- Parent Tips: How to help your child be prepared for Kindergarten - March 30, 2015
- Golden Road to Success in Kindergarten- A Guide for Parents - March 17, 2015
- Differentiation in Science and Social Studies: 3 Things to Keep in Mind - January 7, 2015
- Social Studies Educational Apps 101 - December 4, 2014
- 5 Things They Don't Tell You in College About Teaching - November 26, 2014
- Celebrating Students: 3 Quick, Easy, Inexpensive Ways to Show Support - November 11, 2014
- How to Focus Instruction: Two Ways to Easily Increase Rigor - October 31, 2014
- Trouble Student: 4 Things Every Teacher Should Do Before Putting A Child in Time Out - October 28, 2014
- The 5 Things Every Parent Can Do to Help their Child Become a Better Reader in Elementary - April 22, 2014
- 5 Tips from a Veteran Teacher: Surviving Your First Year - March 25, 2014
Sitting in the hallway at school today I was thinking about the parent side of Kindergarten. It was especially paramount in my mind because I was registering my own daughter for school. As she was being assessed for her academic skills, I began thinking about the other things that she should know to enter school. As a Kindergarten teacher myself, I thought about what would help students if academics are not their strongest at the beginning of the year. Here are some tips for helping your child be prepared for their first school experiences.
Sitting- Don't laugh. The ability for a child to sit for about 10-15 minutes is at the top of my list for physical abilities. So many students that come in struggling academically, are not able to sit and listen to a story or lesson. Now in Kindergarten we do NOT have any expectations that they can sit for an hour. Most adults don't do that so how can you expect a 5 year old to sit that long? If they can sit, even for 5-10 minutes, they can learn.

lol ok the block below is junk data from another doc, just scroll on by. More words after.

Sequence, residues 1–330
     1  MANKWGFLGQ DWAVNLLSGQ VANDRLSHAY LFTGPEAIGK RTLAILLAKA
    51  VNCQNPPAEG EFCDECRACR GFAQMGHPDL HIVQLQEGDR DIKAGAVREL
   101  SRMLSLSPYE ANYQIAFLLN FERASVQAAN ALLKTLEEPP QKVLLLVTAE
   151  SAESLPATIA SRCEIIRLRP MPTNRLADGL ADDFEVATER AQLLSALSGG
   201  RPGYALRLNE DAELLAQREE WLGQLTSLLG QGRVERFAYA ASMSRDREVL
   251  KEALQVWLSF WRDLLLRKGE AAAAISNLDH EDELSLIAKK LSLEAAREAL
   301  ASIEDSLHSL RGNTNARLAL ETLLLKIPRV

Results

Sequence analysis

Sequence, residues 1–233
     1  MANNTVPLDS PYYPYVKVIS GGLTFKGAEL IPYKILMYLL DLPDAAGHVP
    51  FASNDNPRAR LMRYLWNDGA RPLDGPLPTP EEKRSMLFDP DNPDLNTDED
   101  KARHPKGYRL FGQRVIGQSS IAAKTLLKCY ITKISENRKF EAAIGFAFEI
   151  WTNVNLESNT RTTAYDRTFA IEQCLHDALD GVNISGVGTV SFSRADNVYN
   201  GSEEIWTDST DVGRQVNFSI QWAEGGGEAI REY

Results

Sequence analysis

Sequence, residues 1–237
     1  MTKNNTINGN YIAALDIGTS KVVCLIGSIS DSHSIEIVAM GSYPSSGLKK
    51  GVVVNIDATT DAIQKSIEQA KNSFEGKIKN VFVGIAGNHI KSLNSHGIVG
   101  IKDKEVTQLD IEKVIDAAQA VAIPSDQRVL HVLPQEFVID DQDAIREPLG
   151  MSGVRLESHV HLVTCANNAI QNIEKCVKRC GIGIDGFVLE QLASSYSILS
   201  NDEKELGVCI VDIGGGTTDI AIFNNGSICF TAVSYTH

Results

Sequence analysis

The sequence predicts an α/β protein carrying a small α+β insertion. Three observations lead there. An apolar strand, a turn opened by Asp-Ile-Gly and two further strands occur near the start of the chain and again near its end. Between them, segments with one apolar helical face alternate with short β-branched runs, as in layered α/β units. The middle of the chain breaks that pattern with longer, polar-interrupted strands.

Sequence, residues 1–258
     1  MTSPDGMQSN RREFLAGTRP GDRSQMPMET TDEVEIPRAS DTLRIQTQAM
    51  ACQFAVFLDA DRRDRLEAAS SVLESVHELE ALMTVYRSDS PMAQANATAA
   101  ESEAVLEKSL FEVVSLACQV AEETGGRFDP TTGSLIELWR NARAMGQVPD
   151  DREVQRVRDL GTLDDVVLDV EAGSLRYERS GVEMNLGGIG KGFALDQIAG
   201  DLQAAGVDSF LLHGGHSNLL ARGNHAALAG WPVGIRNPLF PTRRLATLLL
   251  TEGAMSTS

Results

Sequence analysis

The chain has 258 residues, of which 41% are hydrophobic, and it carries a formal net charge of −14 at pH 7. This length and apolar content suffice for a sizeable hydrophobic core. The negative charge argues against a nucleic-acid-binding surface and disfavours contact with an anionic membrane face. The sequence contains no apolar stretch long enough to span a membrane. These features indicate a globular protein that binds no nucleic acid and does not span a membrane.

Independence- Your child should be able to open up their crayons, take off their jacket, and hang up their backpack. Your child will be assisted through out the day. But them being able to do some of the small things is ESSENTIAL! For example, going to the bathroom. It happens more than when they are just at home. You child should be able to do everything in the bathroom that they need to do themselves. We as teachers are not allowed to help them in anyway. I can pretty much stand outside the door and kind of talk them through what they need to do. But anything else, I'm setting myself up for a lawsuit.
Eating- Again, I'm not kidding you. Your child should be able to feed themselves when they come to Kindergarten. Plus, (I say this nicely) if you come to eat with your child at school, do NOT pick your child up, put them on your lap, and feed them their lunch bite by bite. Honest, I've seen it more than once. It embarrasses your child and will embarrass you too. Your child should be able to make a choice of food (if buying at school), open containers (especially if bringing from home), and eat while sitting down.
Playing- Recess time and centers are about learning too. When your child is playing, they should be able to use their imagination, self entertain, and play safely on equipment. How do you help them do this? Let them play. Take them outside or to a park and let them create, get dirty, and practice being a kid. Right after parents ask me at conferences if their child is reading, their second question is always about if they have friends. Letting them play now will help them build friendships later on.
If your child can do these things, they will have an awesome start to their school year. They will be able to learn because they will be able to pay attention (sitting for short periods of time), feel success (independence), and spend time with their peers (eating at snack/lunch or playing at recess).
Leave a Reply